Music Business

Why Country Music Now Looks, Sounds Like Hip-Hop [VIDEO]

While many legacy country artists continue to release more “traditional” sounding country, a newer generation of talent is pushing the envelope on the genre, and heavily sprinkling their material with elements of hip hop.


Guest post by James Shotwell of Haulix

The blurring of country music and hip-hop currently playing out at radio has been in the making for a long, long time.

As the old saying goes, “everything changes.” Country music is no exception to the rule. While legends such as George Strait and Alan Jackson are still writing and releasing material rooted in tradition, a younger generation of talent is challenging fans to accept a wide range of new ideas. From 808s to syncopated vocal deliveries, the most popular country artists sound more and more like hip-hop artists with each passing year.

And guess what? There is a good reason for country music’s recent evolution. As the team at Insider reveals in a new documentary short, country music has a long history of following other genre’s paths to success. What is happening now has happened before, and it will no doubt happen again as consumer tastes continue to evolve.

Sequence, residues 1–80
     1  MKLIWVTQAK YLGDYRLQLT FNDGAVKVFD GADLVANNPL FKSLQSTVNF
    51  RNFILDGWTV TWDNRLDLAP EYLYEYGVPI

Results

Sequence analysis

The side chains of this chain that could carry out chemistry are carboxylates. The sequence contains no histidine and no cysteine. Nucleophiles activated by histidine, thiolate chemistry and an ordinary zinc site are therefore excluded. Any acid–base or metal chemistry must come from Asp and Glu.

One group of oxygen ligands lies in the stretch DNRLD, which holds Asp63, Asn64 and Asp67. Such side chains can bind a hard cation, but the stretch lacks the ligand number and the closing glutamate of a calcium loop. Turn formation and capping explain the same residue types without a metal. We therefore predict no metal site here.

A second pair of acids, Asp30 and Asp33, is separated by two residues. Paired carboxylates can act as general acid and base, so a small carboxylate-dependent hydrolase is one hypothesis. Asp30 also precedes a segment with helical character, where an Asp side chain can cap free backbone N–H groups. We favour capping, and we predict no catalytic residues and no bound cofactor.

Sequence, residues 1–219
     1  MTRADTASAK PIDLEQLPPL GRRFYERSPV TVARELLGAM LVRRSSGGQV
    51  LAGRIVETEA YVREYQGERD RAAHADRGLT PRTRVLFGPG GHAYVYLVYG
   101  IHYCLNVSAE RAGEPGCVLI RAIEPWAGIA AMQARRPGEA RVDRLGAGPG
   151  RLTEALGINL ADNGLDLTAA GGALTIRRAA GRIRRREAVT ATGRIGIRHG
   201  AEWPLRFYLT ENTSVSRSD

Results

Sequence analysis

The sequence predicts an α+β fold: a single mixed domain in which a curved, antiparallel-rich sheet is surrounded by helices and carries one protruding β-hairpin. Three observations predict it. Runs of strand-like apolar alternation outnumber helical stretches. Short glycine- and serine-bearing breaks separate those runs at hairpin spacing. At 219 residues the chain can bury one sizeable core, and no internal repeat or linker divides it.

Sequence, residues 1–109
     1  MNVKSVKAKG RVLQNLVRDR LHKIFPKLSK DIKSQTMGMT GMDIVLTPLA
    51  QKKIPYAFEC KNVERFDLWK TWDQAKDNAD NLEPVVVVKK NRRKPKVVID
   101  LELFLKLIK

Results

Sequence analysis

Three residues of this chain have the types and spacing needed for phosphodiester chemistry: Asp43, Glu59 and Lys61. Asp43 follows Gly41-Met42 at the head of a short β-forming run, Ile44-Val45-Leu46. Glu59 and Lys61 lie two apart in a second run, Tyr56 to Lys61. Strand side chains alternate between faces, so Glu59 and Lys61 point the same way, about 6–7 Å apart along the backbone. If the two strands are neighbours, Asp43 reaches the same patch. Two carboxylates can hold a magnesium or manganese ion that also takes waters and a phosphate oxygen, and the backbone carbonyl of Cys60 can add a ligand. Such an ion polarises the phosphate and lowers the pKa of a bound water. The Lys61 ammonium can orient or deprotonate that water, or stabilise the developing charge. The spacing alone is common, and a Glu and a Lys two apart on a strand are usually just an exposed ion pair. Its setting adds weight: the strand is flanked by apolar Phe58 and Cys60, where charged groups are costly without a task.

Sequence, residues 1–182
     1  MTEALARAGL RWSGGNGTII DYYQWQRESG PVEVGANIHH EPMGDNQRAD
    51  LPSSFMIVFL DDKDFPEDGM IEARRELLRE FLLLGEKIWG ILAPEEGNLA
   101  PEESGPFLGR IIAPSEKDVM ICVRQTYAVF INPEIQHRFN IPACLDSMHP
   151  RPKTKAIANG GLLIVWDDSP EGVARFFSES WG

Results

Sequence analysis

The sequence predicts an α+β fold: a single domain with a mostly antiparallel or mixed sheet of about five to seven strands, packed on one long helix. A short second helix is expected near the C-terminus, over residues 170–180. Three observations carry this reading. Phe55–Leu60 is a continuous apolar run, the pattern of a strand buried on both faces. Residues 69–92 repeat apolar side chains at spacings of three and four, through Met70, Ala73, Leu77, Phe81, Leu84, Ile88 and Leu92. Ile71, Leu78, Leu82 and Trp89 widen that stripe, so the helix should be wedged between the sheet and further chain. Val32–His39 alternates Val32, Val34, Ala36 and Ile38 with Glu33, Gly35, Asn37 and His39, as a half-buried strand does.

To understand how this genre hybridization has shaped today’s country and hip-hop, the Insider team spoke with Kevin Holt, an ethnomusicologist at Columbia University who’s studied the relationship between country music and Southern rap, with a focus on Atlanta hip-hop culture. Holt broke down the many commonalities that country and hip-hop have had all along — including both genres’ particular emphasis on roots, authenticity, storytelling, and lived experience. He explained that in the digital-streaming era, the boundaries between genres like country and hip-hop are becoming more diffuse. That’s how we get artists like Sam Hunt, dubbed the “country Drake,” and it’s also how we got country-trap anthems from MCs like Young Thug and DaBaby. We also took a look at the rise of the year’s biggest genre disruptor, Lil Nas X, who shook up both country and hip-hop with his category-defying smash hit “Old Town Road.”

James Shotwell is the Director of Customer Engagement at Haulix and host of the company’s podcast, Inside Music. He is also a public speaker known for promoting careers in the entertainment industry, as well as an entertainment journalist with over a decade of experience. His bylines include Rolling Stone, Alternative Press, Substream Magazine, Nu Sound, and Under The Gun Review, among other popular outlets.

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